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More than 500 people, including 150 heart transplant recipients, gathered for the Courage and Innovation: Celebrating Heart Transplantation gala at the Art Institute of Chicago. Hosted by the University of Chicago Medicine’s Heart and Vascular Center, the Feb. 23rd gala highlighted patients Sarah McPharlin and Daru Smith, recipients of the first-ever back-to-back heart, liver and kidney transplants.
In its second year, the event was created to support UChicago Medicine’s heart transplant recipients while giving their families a chance to connect — and inspire — each other.
Sharon O’Keefe, president and chief operating officer of UChicago Medicine, all but echoed the sentiment as the evening began and guests took their seats in the auditorium.
“Obviously we are here for a celebration, but watching everyone enter the auditorium tonight feels more like a family reunion than a presentation,” said O’Keefe. “It has a different feeling. Seeing you all come in, and I actually know a few of you. We are so incredibly proud to welcome you tonight.”
To showcase the very special work that has been done at UChicago Medicine, guests kicked off the evening by watching a video showing an in-depth look into the triple-organ transplant and then heard a round table discussion with
In order to honor the important work that is done outside of the operating room, Cathy Murks, APN, PhD, was honored as the Courage and Innovation 2019 Service Award recipient. Murks has been with UChicago Medicine for 29 years and is an integral part of the heart failure team.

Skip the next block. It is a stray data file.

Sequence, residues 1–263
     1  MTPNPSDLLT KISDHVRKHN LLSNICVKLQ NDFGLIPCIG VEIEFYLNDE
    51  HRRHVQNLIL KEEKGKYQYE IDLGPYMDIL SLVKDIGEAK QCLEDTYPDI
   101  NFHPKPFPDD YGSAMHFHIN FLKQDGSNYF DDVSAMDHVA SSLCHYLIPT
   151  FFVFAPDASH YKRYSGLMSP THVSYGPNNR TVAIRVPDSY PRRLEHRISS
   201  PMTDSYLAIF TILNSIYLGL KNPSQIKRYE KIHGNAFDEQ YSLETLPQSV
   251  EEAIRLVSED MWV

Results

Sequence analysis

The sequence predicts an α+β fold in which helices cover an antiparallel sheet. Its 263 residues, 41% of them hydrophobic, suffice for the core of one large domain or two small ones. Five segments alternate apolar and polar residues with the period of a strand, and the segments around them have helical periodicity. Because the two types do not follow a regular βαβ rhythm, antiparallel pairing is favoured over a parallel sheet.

After closing remarks guests were invited to enjoy an evening of networking, food and an auction that supported patients in need.
As patients and their families enjoyed the night, a feeling of resounding camaraderie filled the air. In attendance was a group of heart transplant recipients who have developed an everlasting bond. Calling themselves the “Four Kings and a Queen,” the recipients all had their transplants within two weeks of each other and stuck together every step of the way during recovery.
One of the kings, Eric Donaldson, talked about the significance of their group. “I think it’s great, Heather (the queen) and I text each other all the time, at least a couple times a week, and then usually Keith and I keep in touch pretty good. We all stay in touch. It’s a family; we call the other Eric, little Eric.”
Gaining a family through a tragic experience is certainly a silver lining. According to Donaldson, the transplant experience coinciding with celebratory events like the gala brings something very important full circle.
“New life, it’s all about this new life,” said Donaldson. “My grandson loves his birthday parties and I said, ‘Miles I have two birthday’s now’ and he says ‘what do you mean?’ and I said ‘I have my regular birthday and with my new heart I have a new birthday in October!’ and he goes, ‘You’re so lucky!’”
At the University of Chicago Medicine, we bring the best minds in medicine together to meet the needs of patients facing heart failure.Read more about our heart failure expertise